The English anti-war minister Vicesimus Knox (1752-1821) reminded his parishioners in 1793 that the motto of Christianity was the exhortation from the gospel of Saint Luke “Glory to God in the highest, on earth peace, good will towards men”:
This gracious proclamation from Heaven announces the great purpose of Jesus Christ, the promotion of piety to God and benevolence to man. It may indeed be called the motto of Christianity. It may form the inscription on its unstained banners, as it advances in its progress, endeavouring to diffuse the blessings of perpetual peace and universal love….
Peace on earth! Alas where is it? amid all our refinement in the modes of cultivated life, all our elegant pleasures, all our boasted humanity, war, that giant fiend, is stalking over empires in garments dropping with the blood of men, shed by men, personally unoffended and unoffending; of men, professing to love as brethren, yet cutting off each other from the land of the living, long before the little time allotted them by nature is elapsed; and increasing beyond measure, all the evils to which man is naturally and morally doomed, at the command of a narrow shortsighted human policy, and an ambition which, considering the calamities it causes, I must call accursed.
The shades of the picture are black as death, the colouring of blood. No; not all the arts of politicians can veil its shocking deformity, from any eyes but those of the vulgar; the vulgar, I mean, rich as well as poor, titled as well as untitled, swaying sceptres or wielding a spade. By all but the vulgar and the creatures of despotism, offensive war, with all its pompous exterior, must be deprecated as the disgrace and calamity of human nature….
Oh war! thy blood-stained visage cannot be disguised by the politician’s artifice. Thy brilliant vestments are to him who sympathizes with human woe in all climes and conditions, no better than sable mourning; thy melody, doleful discord, the voice of misery unutterable. Decked, like the harlot, in finery not thine own, thou art even the pest of human nature; and in countries where arbitrary power prevails, the last sad refuge of selfish cruel despotism, building its gorgeous palaces on the ruins of those who support its grandeur by their personal labour; and whom it ought to protect and to nourish under the olive shade of peace….
If the Christian religion in all its purity, and in its full force, were suffered to prevail universally, the sword of offensive war must be sheathed for ever, and the din of arms would at last be silenced in perpetual peace. Glorious idea!…
About this Quotation:
This quotation is part of a series for “The Twelve Days of Christmas” on the theme of “Glory to God in the highest, on earth peace, good will towards men” [Luke 2:14]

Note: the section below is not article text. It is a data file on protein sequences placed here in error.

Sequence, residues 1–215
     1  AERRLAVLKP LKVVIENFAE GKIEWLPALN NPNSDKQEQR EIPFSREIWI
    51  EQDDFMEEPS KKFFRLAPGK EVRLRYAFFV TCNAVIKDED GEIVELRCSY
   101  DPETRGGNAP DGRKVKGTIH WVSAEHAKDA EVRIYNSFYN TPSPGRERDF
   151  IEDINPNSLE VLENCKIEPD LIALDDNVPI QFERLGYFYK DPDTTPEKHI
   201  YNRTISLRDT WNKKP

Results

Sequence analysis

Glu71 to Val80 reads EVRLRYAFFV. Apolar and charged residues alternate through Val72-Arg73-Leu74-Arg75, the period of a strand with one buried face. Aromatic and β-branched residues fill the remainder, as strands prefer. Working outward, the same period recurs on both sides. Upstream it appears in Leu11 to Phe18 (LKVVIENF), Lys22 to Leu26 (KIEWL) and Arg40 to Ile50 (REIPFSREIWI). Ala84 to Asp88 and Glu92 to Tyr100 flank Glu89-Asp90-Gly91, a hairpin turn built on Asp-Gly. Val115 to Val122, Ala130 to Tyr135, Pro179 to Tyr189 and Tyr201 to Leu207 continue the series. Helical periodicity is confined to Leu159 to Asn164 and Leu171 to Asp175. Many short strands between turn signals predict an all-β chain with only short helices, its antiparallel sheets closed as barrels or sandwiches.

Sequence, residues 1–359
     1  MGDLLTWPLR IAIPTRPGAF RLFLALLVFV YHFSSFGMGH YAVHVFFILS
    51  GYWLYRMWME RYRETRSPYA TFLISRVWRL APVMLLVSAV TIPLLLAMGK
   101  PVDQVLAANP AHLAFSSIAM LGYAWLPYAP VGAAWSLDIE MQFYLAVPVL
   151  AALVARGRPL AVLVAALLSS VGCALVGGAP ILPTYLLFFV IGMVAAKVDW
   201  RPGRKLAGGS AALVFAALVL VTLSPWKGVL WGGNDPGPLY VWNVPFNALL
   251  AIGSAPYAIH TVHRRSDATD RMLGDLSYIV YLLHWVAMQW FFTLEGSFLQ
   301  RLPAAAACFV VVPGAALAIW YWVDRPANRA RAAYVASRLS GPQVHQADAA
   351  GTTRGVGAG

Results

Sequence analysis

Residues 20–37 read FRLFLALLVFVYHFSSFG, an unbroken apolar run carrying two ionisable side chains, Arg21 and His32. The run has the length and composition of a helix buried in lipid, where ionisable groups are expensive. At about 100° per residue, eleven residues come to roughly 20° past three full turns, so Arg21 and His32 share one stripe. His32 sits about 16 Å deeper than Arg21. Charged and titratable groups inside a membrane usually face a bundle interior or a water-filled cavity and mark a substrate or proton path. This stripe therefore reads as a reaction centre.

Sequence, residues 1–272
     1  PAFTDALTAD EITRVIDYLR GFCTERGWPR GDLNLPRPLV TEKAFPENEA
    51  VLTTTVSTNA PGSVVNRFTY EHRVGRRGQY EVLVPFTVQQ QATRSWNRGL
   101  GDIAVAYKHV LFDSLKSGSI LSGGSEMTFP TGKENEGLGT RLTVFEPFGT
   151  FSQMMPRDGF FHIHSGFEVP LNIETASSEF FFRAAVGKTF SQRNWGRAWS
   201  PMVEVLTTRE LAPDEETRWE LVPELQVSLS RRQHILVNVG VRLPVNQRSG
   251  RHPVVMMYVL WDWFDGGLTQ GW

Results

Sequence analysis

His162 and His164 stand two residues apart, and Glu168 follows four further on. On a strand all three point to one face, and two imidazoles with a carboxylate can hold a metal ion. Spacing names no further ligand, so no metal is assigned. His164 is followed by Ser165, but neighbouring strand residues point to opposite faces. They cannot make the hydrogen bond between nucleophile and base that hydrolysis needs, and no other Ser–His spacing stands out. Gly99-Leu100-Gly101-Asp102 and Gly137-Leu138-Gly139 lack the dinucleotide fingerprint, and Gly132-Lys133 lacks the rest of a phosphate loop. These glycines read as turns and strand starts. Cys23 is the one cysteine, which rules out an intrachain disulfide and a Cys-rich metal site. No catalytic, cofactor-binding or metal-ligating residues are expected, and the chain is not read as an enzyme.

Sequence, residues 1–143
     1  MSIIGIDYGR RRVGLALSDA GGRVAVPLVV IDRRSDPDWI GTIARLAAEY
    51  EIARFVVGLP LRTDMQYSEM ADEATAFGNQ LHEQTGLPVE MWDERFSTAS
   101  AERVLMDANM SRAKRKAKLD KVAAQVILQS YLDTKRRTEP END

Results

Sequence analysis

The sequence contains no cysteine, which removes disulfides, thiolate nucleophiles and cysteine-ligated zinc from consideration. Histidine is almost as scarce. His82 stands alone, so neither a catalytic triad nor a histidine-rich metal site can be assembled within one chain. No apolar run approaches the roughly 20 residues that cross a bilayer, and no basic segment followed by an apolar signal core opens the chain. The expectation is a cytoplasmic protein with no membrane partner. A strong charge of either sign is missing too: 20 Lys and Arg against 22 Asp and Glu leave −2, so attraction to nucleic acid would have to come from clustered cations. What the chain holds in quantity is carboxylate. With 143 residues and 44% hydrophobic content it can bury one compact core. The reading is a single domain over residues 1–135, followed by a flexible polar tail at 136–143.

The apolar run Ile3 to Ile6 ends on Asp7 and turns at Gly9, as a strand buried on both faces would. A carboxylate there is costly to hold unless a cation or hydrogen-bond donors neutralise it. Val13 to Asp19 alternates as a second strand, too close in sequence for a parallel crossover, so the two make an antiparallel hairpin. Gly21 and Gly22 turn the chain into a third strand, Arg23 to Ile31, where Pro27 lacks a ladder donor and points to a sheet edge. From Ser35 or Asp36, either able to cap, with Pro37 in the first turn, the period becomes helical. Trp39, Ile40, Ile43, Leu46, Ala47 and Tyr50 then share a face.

The radical anti-war English minister Vicesimus Knox got into a lot of trouble with the authorities when he began preaching against the British and other European monarchies' efforts to defeat the new French Republic by force of arms during the 1790s. He reminded them that “the motto of Christianity” had been clearly stated in Luke II, 14, namely “peace on earth and goodwill towards men.” What makes this sermon rise above the sometimes empty homilies about peace which are offered up at Christmas time are his profound moral and political objections to war. Here are some examples.
He begins by noting the hypocrisy of the most enlightened and Christian countries of the world which ignore this basic Christian principle by constantly pursuing a policy of war, “that giant fiend, (which) is stalking over empires in garments dropping with the blood of men, shed by men, personally unoffended and unoffending”.
Young men are deceived by “the politician’s artifice” and are taught by the military “the art of spreading devastation and most expeditiously and effectually destroying those of their fellow-creatures, whom politicians have bade them consider as enemies.” These wars are paid for in the lives and taxes of those who make their living “wielding a spade” or in “the useful employments of mechanic arts”. The young men who fall on the battle fields are “the pale victims of war; poor victims” who are “cut off in this world before their time, in youth and health, like rose-buds cropt in the bud of existence.”
Politicians are constantly defending their actions by claiming that the state is faced with the “political necessity of war” but which Knox calls “a narrow shortsighted human policy” which serves the interest of a small group of political and military leaders.
Knox’s solution is “to compose the differences of nations by negotiation” “in a league of philanthropy” and to return to the Christian ideal of considering “all men under the sun, as united to us by brotherly love, or, as it is termed, fraternity; natural, not political fraternity; the strong tie of one common nature”. In this way Christian principles would come into “full force” and “the sword of offensive war (would) be sheathed for ever, and the din of arms would at last be silenced in perpetual peace.”
Merry Christmas and a Peaceful New Year.